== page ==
The immigration rules include general grounds for refusing to allow someone’s entry to the UK. See the Entering the UK section of the Toolkit for more information on these general grounds.
In addition to this, re-entry bans are applied if you have been forcibly removed or deported from the UK, and in some other circumstances where the Home Office say immigration law was breached in a previous attempt to enter or stay in the UK.
This section looks at re-entry bans if: you left the UK voluntarily; you were forcibly removed from the UK; and if you were deported from the UK.
If you left the UK voluntarily
Generally, re-entry to the UK will be refused if the Home Office say that during in your time in the UK, you:
- overstayed (beyond the period of a time-limited visa)
- breached a condition attached to your previous leave
- entered the UK unlawfully
- used deception in an application while in the UK
- you overstayed for less than 30 days and you left the UK voluntarily at your own expense. The immigration rules state that if you overstayed for more than 30 days, unless specific exceptions apply, you will be subject to a 12-month re-entry ban. Read about the exceptions in the Home Office guidance here.
- you left the UK voluntarily at your own expense more than 12 months ago
- you left the UK voluntarily, but at the expense of the state more than two years ago IF you left the UK no more than 6 months after the date on which you were given notice of liability for removal, or no more than 6 months after the date on which you no longer had a pending appeal or administrative review (whichever is the later)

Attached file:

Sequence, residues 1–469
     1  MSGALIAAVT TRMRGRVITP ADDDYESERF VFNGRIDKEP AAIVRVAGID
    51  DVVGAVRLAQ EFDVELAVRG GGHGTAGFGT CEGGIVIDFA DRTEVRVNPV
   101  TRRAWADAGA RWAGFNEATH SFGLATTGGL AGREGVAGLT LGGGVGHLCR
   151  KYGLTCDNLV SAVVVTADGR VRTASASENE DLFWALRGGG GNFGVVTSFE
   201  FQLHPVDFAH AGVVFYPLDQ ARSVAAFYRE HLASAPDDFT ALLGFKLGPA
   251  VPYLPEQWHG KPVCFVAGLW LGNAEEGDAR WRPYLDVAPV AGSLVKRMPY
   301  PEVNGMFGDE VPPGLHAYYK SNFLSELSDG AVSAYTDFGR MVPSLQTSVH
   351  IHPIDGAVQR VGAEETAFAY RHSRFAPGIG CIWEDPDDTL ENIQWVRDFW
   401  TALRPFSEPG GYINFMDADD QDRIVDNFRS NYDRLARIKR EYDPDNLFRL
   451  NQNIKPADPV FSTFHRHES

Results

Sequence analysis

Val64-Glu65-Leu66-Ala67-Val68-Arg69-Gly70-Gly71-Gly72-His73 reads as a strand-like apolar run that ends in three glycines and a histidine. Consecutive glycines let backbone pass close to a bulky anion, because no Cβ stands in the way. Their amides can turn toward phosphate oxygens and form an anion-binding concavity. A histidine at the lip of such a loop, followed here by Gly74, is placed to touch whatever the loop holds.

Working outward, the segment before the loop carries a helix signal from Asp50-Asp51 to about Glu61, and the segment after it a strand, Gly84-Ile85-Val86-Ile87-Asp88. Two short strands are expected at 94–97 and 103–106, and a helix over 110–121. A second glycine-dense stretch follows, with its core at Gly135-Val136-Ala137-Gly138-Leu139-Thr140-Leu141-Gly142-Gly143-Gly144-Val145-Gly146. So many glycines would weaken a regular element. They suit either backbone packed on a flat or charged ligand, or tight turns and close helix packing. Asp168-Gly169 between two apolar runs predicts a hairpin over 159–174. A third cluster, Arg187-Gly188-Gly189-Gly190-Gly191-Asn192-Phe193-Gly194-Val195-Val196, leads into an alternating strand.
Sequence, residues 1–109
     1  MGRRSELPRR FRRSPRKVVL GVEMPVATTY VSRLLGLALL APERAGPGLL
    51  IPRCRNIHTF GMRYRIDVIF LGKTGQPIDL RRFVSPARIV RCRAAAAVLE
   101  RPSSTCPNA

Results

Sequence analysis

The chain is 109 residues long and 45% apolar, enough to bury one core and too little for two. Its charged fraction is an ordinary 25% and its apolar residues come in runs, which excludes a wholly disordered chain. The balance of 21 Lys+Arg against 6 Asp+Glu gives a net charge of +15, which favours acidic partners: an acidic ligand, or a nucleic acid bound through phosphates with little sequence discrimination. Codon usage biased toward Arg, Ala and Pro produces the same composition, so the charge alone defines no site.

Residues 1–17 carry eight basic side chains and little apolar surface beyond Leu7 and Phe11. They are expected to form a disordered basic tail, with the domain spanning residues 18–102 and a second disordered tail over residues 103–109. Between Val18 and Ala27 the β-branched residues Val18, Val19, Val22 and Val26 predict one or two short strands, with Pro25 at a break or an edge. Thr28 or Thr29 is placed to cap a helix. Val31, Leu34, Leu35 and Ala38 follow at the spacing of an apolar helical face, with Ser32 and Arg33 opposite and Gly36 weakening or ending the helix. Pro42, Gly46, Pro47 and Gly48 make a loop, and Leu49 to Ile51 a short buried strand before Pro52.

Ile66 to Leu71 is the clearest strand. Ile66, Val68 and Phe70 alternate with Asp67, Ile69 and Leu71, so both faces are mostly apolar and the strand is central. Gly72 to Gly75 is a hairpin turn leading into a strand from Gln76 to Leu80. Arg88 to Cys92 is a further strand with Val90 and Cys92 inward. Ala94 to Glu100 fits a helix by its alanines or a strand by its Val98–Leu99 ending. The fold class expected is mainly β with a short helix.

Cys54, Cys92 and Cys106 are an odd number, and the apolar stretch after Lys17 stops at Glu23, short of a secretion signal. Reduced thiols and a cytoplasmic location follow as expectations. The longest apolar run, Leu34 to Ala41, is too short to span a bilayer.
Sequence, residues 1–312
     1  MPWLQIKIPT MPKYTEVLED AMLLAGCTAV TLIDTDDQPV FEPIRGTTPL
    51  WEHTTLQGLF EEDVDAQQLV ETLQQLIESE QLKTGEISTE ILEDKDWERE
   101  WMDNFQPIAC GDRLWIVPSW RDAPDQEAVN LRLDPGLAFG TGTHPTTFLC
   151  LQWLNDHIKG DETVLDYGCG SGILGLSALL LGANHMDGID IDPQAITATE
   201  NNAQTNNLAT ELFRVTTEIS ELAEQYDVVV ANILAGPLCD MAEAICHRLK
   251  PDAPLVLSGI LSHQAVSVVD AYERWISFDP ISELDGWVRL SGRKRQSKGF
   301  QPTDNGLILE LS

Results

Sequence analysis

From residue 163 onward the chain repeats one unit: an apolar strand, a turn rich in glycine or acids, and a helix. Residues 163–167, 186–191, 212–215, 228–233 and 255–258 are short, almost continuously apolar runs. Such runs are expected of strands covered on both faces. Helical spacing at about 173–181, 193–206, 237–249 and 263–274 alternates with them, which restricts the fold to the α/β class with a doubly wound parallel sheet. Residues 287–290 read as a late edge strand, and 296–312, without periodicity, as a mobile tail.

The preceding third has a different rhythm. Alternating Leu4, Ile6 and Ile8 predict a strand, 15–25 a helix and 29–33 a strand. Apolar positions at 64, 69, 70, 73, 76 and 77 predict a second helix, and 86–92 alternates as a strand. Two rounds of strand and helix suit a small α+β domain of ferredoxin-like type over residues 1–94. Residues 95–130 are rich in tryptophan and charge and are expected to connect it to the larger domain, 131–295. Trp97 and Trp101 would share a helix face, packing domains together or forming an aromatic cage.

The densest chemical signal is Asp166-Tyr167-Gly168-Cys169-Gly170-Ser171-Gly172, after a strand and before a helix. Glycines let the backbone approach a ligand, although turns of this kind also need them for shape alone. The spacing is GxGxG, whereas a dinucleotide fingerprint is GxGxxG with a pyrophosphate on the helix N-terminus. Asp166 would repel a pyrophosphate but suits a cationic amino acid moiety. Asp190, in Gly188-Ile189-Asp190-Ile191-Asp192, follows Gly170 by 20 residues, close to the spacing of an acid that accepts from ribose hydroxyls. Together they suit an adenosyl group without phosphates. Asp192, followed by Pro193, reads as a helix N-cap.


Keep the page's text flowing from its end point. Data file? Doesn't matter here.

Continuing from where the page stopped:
- you left the UK voluntarily, but at the expense of the state more than five years ago.
If the Home Office decide that you used deception for an entry clearance application, you could face a 10-year ban on entering or re-entering the UK.
Where more than one breach of these has occurred, the breach which leads to the longest period of absence from the UK will be considered.
There are situations in which re-entry bans may not be applied, for example if you were a victim of trafficking; or if your application to enter the UK is a family migration application under the immigration rules “Appendix FM”.
If a re-entry ban is applied to you, and this would breach your human rights, you may be able to challenge it on human rights grounds.
Remember that even if one of these exemptions applies to your situation, you may still be refused leave to enter the UK. This is because the immigration rules allows for a discretionary refusal of an application if the Home Office decides you have “previously contrived in a significant way to frustrate the intentions” of the immigration rules.
After forced removal from the UK
If you were forcibly removed from the UK, the Home Office will in most cases impose a 10-year re-entry ban.
After deportation from the UK
Read about the difference between “deportation” and “forced removal” in the Toolkit Glossary here.
The immigration rules state that entry to the UK is to be refused if:
- you are currently subject to a deportation order, or
- you were convicted of an offence and sentenced to more than four years imprisonment (prior to being deported).
If you were sentenced to less than four years, but more than 12 months, an entry is to be refused unless more than 10 years has passed since the end of the sentence.
If you were sentenced to less than 12 months, entry is to be refused unless more than five years have passed since the end of the sentence.
The immigration rules state that “only in exceptional circumstances” would “the public interest in maintaining refusal [to enter the UK] be outweighed by compelling factors” if you are trying to challenge a re-entry ban after a deportation.